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Alt rockers perform stripped-down acoustic sets

By Emily Laskey

Not every concert leaves an audience with an “electric feeling (to) take home,” but that is just what indie rock band Vinyl Theatre provided for students at the College. The Milwaukee-based band, composed of frontman and guitarist Keegan Calmes, synthesizer Chris Senner and drummer Nick Cesarz, visited the Decker Social Space on Friday, Feb. 26, to perform a rare acoustic set featuring some of their popular hits — allowing for both long-term and new fans to get a taste of the softer, more intimate side of the rising rock band.

Cold Fronts's performance includes acoustic guitar and double bass. (Dana Gorab / Staff Photographer)
Cold Fronts’s performance includes acoustic guitar and double bass. (Dana Gorab / Staff Photographer)

The Philadelphia indie rock group, Cold Fronts, founded by lead singer and guitarist Craig Almquist, opened the show with a laidback performance that set the tone of the evening — alternative rock-gone-acoustic.

Almquist’s comfortable charm and the band’s intricate usage of a xylophone and double bass in its humorously-inspired songs made for an overall relaxed and interesting set. Cold Fronts provided a complimentary segue into Vinyl Theatre’s performance.

Set by ever-changing multi-color lights, the stage lit up for Vinyl Theatre and cast a colorful light on the already-vibrant show of the seasoned rock band. Electric synth accents and steady box-drum rhythms in Vinyl Theatre’s slowed-down set — provided by Senner and Cesarz — added a subtle pop element into the group’s performance.

While the band bears similarities to alternative giants such as Two Door Cinema Club and Twenty One Pilots, frontman Calmes set Vinyl Theatre apart with his effortless engagement with the songs and the audience, exuding passion and connection through the band’s wider-known hits like “Breaking Up My Bones” and “Shine On.” Calmes demonstrated a powerful vocal command that delivered the band’s complex lyrics in an engaging way.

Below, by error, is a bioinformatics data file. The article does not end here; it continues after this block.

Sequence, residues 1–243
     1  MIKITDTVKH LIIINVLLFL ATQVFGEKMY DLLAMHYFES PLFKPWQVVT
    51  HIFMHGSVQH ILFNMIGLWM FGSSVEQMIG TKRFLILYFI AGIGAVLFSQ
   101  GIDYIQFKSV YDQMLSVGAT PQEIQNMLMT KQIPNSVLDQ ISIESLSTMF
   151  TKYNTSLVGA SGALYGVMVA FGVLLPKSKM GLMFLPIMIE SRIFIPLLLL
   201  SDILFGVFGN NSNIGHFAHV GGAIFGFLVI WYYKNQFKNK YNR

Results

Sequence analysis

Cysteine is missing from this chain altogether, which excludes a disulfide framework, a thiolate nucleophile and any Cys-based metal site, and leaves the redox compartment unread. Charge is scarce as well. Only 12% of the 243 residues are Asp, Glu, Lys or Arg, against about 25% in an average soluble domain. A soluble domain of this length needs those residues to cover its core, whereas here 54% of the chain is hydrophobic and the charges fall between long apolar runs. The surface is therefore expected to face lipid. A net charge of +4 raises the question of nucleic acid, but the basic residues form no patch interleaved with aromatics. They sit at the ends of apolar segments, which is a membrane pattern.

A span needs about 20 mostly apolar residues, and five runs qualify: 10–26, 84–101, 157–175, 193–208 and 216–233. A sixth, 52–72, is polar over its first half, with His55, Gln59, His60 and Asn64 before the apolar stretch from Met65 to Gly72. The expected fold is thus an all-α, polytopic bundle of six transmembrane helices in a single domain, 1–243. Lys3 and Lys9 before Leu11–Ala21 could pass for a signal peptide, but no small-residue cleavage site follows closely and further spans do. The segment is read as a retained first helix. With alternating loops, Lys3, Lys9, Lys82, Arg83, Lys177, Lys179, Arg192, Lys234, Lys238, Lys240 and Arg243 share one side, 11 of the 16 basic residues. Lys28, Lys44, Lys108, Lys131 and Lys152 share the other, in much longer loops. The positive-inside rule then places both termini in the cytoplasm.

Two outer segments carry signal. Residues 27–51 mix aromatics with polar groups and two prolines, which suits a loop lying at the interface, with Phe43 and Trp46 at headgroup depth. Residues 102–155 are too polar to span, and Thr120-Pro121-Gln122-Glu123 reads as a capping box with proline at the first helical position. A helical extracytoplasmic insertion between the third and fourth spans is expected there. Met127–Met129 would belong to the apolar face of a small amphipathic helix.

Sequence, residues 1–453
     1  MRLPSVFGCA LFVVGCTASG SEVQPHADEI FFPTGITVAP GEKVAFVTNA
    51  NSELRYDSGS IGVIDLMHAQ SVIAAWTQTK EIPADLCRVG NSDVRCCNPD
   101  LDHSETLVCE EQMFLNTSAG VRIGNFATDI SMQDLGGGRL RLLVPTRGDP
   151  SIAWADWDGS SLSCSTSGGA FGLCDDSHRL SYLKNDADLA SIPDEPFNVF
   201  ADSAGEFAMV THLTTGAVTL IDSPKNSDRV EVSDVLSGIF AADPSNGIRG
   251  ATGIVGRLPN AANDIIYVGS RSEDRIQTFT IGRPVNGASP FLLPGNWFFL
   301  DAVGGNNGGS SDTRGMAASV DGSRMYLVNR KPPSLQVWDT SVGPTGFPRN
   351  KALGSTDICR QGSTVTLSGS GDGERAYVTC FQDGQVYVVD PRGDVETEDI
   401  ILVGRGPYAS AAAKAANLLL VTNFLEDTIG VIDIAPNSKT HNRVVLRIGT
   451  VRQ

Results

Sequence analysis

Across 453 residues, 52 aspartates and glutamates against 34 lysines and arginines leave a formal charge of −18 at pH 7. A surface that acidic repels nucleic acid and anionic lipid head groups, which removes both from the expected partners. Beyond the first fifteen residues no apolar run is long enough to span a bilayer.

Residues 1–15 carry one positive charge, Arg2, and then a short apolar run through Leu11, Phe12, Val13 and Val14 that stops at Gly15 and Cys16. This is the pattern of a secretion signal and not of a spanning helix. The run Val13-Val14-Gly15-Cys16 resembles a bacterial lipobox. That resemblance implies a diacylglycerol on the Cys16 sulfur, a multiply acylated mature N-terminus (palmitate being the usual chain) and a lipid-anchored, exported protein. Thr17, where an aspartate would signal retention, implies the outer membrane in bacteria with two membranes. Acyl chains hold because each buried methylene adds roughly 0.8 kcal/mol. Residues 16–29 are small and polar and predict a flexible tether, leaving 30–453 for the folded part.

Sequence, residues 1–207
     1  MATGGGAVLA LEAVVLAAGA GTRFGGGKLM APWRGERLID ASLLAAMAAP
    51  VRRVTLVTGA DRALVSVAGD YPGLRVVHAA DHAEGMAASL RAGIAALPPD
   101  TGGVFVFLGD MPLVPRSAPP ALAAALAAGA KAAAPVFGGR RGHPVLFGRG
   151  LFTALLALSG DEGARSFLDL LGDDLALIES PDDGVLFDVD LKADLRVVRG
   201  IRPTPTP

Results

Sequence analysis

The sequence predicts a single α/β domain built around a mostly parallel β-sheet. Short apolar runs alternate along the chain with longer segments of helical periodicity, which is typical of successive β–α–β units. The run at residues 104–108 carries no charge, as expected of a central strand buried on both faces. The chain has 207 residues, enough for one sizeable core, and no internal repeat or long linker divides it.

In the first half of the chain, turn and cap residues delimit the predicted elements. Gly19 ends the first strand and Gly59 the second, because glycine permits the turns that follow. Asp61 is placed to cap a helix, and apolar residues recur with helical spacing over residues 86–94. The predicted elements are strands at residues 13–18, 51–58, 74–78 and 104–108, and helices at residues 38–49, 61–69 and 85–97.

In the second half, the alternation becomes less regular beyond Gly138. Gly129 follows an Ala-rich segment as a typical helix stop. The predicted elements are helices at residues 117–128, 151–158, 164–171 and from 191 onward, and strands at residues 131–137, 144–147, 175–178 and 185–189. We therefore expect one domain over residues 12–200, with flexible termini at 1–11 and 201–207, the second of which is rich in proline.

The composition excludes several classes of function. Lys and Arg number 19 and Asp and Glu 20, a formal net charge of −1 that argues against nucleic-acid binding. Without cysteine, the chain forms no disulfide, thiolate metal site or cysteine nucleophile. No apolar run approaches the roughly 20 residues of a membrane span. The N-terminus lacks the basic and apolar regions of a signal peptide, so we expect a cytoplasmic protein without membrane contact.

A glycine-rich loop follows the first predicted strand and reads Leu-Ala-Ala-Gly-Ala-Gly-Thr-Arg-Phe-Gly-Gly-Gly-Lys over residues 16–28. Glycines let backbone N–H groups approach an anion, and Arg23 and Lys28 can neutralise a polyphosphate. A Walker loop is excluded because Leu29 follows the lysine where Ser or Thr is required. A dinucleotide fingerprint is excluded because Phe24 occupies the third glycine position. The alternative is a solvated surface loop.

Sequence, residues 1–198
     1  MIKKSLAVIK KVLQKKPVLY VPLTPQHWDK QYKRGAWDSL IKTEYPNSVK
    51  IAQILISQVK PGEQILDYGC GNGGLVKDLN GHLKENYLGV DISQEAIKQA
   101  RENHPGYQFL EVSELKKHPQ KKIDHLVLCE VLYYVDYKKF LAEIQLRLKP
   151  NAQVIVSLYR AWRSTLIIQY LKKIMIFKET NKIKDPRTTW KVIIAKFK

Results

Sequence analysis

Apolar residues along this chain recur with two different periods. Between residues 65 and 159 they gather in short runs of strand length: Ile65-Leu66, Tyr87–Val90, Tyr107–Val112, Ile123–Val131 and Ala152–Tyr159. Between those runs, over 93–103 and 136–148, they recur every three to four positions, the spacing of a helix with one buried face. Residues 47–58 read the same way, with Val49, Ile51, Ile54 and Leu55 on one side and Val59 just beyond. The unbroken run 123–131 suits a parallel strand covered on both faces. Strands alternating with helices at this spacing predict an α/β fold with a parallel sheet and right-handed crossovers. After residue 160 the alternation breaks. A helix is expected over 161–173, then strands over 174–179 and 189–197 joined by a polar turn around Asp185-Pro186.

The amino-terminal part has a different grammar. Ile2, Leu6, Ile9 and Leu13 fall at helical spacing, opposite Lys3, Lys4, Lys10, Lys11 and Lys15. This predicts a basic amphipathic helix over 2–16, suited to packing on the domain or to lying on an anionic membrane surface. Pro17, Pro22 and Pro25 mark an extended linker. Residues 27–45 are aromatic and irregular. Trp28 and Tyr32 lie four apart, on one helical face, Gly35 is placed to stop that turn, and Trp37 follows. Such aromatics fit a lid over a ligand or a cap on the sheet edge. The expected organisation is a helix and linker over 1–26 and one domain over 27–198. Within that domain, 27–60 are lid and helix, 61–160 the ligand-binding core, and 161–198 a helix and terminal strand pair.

The band’s audience, made up of new and old fans alike, was able to vibe with the band’s seamless transition between songs with seldom interruption. The group’s talent, as individuals as well as the collective band, is cause for Vinyl Theatre’s rising popularity among the indie rock scene, especially over the past year when the group toured with fellow indie rockers Twenty One Pilots.

“It’s like we were more of an opening act before, and now we’re the headliner,” Calmes said.

Their inventive sound, dubbed by Calmes as “ever-evolving,” has been on the climb since the band’s formation in 2012. Their 2014 debut album, “Electrogram,” peaked at 35 on Billboard’s “Top Heatseekers” and the band only hopes for greater success with its upcoming sophomore album, which is set for release later this year.

“It’s an evolution,” Cesarz said. “We never want to sound like anybody else, so all we ever do is experiment with new sounds.”

The band gave students at the College a glimpse of what is to come on its upcoming album with the song “My Fault,” which foreshadowed a more electronic feel in Vinyl Theatre’s new music.

Vinyl Theatre is sure to only reap more and more success and fans as their unique sound further changes and evolves.


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